Property Litigation

Property Disputes and Litigation


Geoff Jenkin is an experienced property lawyer in the conduct of claims regarding property litigation including claims under the Property (Relationships) Act 1976 and disputes concerning real estate.

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Property Litigation And The Law

 
Property litigation can be diverse and include many areas of the law. The areas of dispute can relate to:

  • Easements (the right to cross or use someone else’s land)
  • Enforcing or cancelling sale and purchase agreements, or leases.
  • Caveats – claims to an interest in property
  • Landlord and tenant disputes
  • Possession claims
  • Recovery of rent
 

Dispute resolution work to resolve claims may include:

 
  • Assisting with the preparation of relationship property agreements
  • Assisting with proceedings in the Family Court for the division of relationship property
  • Investigation work into the hiding of property and assets
  • Discovery work related to the finding of hidden property and assets
  • Court orders relating to the protection of property 
  • Freezing of assets by way of injunction and detention orders
Specialising in Disputes Relating to the Property (Relationships) Act 1976


Geoff Jenkin regularly litigates and resolves claims for the division of property under the Property (Relationships) Act 1976 with respect to separated married couples and disputes under the Act involving couples in a de facto relationship.
 

 
Resolve Property Disputes in Auckland By:
 
  • Assisting in determining if the case is viable
  • Assessing cases which are legally complex and procedurally difficult
  • Working to negotiate the best outcome for you
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Ensuring Cases Are Viable
 
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ASSESSING CASES WHICH ARE LEGALLY
COMPLEX AND PROCEDURALLY
DIFFICULT
 
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WORKING TO NEGOTIATE THE BEST SOLUTIONS FOR YOU
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Case Notes
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Example Cases
C v C [2015] NZFC 11038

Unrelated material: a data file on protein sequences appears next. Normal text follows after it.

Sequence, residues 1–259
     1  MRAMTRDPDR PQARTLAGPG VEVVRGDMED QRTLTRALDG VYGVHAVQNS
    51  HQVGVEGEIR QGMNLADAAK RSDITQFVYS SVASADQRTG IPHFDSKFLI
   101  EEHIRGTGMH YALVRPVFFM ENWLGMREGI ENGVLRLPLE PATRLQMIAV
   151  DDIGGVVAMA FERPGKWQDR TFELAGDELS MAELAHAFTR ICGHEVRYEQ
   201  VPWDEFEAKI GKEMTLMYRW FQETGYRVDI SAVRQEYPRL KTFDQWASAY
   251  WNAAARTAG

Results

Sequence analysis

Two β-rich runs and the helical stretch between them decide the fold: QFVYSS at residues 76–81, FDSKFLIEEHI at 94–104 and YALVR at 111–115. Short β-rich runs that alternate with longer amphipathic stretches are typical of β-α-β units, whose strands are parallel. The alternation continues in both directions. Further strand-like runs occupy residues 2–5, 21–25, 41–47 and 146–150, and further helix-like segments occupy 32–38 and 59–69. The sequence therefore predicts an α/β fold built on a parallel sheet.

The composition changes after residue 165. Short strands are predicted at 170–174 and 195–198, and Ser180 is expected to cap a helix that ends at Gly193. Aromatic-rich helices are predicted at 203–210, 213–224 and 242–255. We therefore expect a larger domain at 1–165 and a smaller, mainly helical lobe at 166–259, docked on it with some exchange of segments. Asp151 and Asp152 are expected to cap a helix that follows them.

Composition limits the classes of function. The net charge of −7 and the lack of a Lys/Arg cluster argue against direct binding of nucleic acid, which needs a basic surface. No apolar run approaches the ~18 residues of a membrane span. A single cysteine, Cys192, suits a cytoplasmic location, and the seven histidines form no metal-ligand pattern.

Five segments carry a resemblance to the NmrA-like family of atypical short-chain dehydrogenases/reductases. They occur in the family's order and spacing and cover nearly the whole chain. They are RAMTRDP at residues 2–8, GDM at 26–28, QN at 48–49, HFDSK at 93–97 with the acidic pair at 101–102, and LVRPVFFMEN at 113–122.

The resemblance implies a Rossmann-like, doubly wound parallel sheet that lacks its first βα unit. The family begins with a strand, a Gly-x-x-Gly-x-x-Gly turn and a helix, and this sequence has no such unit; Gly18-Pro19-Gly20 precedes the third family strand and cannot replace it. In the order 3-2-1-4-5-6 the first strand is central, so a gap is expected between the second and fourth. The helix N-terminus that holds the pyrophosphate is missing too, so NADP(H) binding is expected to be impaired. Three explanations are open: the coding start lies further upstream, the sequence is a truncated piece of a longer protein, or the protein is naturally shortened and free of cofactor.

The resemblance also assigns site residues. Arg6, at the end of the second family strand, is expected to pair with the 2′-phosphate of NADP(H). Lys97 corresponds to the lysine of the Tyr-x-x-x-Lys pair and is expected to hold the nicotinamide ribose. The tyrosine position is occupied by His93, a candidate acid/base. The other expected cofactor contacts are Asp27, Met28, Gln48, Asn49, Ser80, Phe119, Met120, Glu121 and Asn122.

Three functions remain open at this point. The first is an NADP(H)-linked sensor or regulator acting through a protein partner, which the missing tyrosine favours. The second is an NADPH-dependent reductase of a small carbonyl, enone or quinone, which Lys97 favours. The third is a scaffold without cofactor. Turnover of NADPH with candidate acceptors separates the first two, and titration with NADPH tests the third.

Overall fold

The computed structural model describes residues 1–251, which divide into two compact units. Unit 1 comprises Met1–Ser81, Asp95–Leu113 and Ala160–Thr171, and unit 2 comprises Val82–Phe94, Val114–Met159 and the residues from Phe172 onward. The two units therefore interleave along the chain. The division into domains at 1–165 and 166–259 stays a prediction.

The Family Court had made an order pursuant to s43 Property (Relationships) Act 1976 freezing the contents of various bank accounts controlled by the wife in her name and/or the name of three different trusts controlled by her as well. One of the accounts was disclosed to contain nearly $1.5m on term deposit. The wife applied to the Court to have the freezing order discharged on the ground that the bulk of the funds held in the account were her separate property because she had inherited the money from her father. Judge Druce analysed the affidavit evidence in great detail and concluded that the wife had disposed of the money to a trust set up for the purpose and that, as such, the money could possibly be outside the jurisdiction of the Court.
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MacRae v Walshe [2013] NZCA 664

The Walshe v MacRae case then went to the Court of Appeal. The Court of Appeal held that Keane J was correct in the way that he had interpreted the wording of the right-of-way easement. The evidence of the purpose of words of limitation contained in the wording was central to the outcome. The case is also useful to assist in the manner that Courts assess compensation in cases where easements are modified in terms of s317(2) of the Property Law Act 2007. The Court of Appeal confirmed that it is correct to apply principles contained in Jacobsen Holdings Ltd v Drexel, the willing buyer and the willing seller, in determining what is appropriate compensation. The Court also provided helpful pointers as to the type of expert evidence that is appropriate when the Court is asked to assess compensation of this type.

 
French v Public Trust (HC Hamilton, M167/02, 6 December 2002, Master Faire)

In this case the Court was concerned with the issue of whether a beneficiary under the will of a deceased person was able to caveat title to a farm that was the main asset of the estate. The Court held that this ground could not support a claim to a caveat. However, the Court decided in the circumstances the applicant was entitled to caveat the title on the basis that he was executor and trustee of an earlier will which he was trying to have admitted to probate.

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Auckland,
1010

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